Free Walmart Gift Card
Are There Any Real Free Walmart Gift Card Offers?
This article is here to open your eyes about the free Walmart gift card offers that you might get exposed to . Please make sure you read through the whole article before you respond to any of those offers.
You know there is no such a thing as free lunch. A short answer to the question above is yes there are free Walmart gift cards, if by “free” you mean you don’t pay money to get one while at the same time you don’t mind spending some of your time to qualify for it. Your time is more valuable than any money though.
Free Walmart gift card offers are often not made by Walmart. Anyone can buy a Walmart gift card and make a draw on it, and the participation fees pay for it. And if advertised as free, the participants will have to do something that makes the offer maker some money to cover the cost of the gift card and more.
The truth is that the majority of the free Walmart gift card offers, although in some cases no purchase is required to qualify, but almost all the time you have to do them a favor and in return they give you one of those Walmart gift cards for free. This favor could be taking a survey or signing up for other free trial offers … anything to get you to qualify for either the gift card itself or a draw on it.
The free Walmart gift card offered by Walmart itself requires you to take a survey, click here to do so if you are interested in participating. It’s a draw though, so you might get lucky and win the free gift card or, more likely, get nothing.
So in plain English: There is no such thing as a free Walmart gift card without completing offers, taking surveys, or shopping at Walmart.
As mentioned every where on this site, a free gift card offer is usually one of two things, and most of the time it’s both: a lead generation technique and/or a market research method. And I’ll explain it again here so that you don’t have to navigate around the site to get it:
A lead generation process is identifying “you” (the user) as someone interested in something that someone else is selling. For example, by responding to a free Walmart gift card offer with pictures of TVs and cameras on the page you just raised your hand as someone interested in electronics.
But it doesn’t stop here. After you fill the first page you might be required to complete a free (or cheap) offer or two out of 10 or so on the second page in order to qualify for the gift card. The offers you pick to complete also identify you as someone interested in those markets. Say you complete a free trial for a weight loss product and an acne cream. This identifies you as a someone who might be interested in buying skin care and weight loss products in the future.
The market research part is mostly a survey. A short survey might qualify you for an entry in a draw on a high value gift card, a free $1000 Walmart gift card for example. The other alternative is a long survey that takes about 3 hours to finish, and this usually qualifies you straight for a low value gift card sent to you by mail, usually within $50 or less range.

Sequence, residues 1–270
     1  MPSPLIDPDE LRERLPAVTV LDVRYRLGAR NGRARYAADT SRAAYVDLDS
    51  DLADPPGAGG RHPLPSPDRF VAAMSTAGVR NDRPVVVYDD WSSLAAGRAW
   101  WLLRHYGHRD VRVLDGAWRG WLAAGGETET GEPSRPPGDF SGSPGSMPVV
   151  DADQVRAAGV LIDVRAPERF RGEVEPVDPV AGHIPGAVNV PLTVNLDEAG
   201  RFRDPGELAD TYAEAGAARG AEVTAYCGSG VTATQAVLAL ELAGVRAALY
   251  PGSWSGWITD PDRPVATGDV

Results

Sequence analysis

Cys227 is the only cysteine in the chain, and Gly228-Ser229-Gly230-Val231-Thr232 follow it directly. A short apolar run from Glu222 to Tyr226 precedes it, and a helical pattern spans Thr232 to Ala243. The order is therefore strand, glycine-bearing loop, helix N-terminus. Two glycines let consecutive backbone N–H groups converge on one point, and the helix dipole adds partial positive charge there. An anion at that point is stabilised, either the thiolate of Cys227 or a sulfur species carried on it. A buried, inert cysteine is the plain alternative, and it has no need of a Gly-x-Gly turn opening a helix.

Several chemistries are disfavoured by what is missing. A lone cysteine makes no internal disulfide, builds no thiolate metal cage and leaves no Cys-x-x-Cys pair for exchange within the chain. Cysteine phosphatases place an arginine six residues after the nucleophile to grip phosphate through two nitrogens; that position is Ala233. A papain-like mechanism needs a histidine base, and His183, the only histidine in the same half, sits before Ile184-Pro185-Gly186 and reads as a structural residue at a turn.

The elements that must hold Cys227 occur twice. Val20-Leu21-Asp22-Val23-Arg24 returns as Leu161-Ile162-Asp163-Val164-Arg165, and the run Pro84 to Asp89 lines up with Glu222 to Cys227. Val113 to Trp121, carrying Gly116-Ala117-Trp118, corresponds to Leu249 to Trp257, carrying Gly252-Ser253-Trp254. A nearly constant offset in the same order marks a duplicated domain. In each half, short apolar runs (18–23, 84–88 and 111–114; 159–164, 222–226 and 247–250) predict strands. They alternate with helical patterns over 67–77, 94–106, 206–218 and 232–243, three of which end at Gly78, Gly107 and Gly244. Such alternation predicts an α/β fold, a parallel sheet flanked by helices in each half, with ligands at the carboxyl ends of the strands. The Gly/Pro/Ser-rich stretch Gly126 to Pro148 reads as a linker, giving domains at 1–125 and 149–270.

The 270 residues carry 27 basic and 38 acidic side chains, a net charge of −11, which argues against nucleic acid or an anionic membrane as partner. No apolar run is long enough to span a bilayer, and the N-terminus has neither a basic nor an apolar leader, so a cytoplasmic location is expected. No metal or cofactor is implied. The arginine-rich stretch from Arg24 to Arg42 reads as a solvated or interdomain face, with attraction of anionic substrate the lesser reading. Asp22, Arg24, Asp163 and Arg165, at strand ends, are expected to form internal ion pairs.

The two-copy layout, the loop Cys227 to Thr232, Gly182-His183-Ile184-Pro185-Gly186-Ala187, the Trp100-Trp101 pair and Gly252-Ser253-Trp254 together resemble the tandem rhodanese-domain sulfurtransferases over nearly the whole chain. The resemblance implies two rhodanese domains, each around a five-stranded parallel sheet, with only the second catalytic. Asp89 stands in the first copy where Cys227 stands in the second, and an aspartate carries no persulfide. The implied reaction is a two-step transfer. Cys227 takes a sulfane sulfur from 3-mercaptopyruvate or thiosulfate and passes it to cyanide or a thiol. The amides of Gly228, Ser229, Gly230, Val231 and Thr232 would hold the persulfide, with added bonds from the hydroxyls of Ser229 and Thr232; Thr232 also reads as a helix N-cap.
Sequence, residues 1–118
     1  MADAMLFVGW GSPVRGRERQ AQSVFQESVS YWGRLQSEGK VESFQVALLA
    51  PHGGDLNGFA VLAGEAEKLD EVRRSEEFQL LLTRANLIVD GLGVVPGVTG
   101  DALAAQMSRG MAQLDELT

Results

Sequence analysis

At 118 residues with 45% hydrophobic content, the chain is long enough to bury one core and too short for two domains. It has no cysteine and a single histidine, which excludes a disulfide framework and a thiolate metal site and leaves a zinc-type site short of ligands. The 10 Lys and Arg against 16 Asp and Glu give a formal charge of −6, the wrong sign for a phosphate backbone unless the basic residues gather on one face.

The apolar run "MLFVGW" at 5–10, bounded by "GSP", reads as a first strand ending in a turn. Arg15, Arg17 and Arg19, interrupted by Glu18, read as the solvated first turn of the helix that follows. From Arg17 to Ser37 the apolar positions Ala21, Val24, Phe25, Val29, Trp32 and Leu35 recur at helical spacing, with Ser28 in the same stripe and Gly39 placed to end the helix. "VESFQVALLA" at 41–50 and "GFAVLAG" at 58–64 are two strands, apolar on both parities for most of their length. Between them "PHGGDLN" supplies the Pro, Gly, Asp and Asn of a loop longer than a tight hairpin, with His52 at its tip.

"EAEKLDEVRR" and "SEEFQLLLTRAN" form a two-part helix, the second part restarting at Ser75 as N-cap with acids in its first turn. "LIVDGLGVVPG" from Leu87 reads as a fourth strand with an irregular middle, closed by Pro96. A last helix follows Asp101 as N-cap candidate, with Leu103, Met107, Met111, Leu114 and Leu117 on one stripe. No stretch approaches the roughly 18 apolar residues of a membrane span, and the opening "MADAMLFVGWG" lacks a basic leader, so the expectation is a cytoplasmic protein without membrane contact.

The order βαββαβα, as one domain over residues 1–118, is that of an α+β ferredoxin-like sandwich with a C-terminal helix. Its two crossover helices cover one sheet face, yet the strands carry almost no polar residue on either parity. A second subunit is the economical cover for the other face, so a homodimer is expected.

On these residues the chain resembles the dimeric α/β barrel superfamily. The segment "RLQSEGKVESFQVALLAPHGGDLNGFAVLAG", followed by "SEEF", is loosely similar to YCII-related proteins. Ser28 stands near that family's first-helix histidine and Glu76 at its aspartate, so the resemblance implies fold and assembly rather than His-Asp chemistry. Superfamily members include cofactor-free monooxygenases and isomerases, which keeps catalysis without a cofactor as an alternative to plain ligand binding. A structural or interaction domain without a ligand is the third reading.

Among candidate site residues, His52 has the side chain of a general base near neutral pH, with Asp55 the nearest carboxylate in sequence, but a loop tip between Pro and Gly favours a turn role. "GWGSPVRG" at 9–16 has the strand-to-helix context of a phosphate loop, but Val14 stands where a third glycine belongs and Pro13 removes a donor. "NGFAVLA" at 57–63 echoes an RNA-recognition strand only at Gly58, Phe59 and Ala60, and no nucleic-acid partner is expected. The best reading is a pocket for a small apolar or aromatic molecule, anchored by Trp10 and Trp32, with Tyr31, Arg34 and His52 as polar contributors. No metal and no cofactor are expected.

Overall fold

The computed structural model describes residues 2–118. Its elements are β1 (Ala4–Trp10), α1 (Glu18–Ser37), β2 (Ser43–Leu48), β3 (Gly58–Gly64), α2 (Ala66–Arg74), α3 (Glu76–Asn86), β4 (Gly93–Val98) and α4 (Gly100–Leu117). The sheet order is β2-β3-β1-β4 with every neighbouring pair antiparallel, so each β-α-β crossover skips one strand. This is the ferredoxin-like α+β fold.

If you are interested in the high value/less work free Walmart gift card then I’d suggest you apply for as many as you can find. This way you increase your chances of winning the draw on one of them. It’s like lottery.
How to protect yourself from free Walmart gift card scams?
This form of marketing, giving away something in exchange of contact information and consent to receive promotions, can easily be used by scammers who are after your information for the purpose of identity theft and credit card fraud. So always keep that as a possibility so that you don’t get yourself in a lot of trouble trying to undo the damage.
- First of all, under no circumstances should you provide any sensitive personal information. No social security numbers, no banking information, no credit card information, no drivers license information, no copy of any document should be submitted to any free gift card sites.
- When you enter an email to receive promotions, and the gift card in case it was legit, don’t enter your primary email. Make a new gmail account and use it for that purpose alone.
- If you are required to enter a phone number, if I were you I would get a cheap voip number and use that for these purposes. (you can get those for $5 a month and cancel it after you are done with the purpose. Or keep it to use it with all your online activities. I know from experience that it’s not a good idea to use your home phone or cell phone. I am still getting home based business calls after 13 years of requesting information about an opportunity advertised online!
If you have information about a scam, and you are certain that it is a scam, please use the comment section below to alert the readers of this blog and tell your friends about it.
Facebook doesn’t like my site, but who cares! I don’t trust them with my privacy anymore :).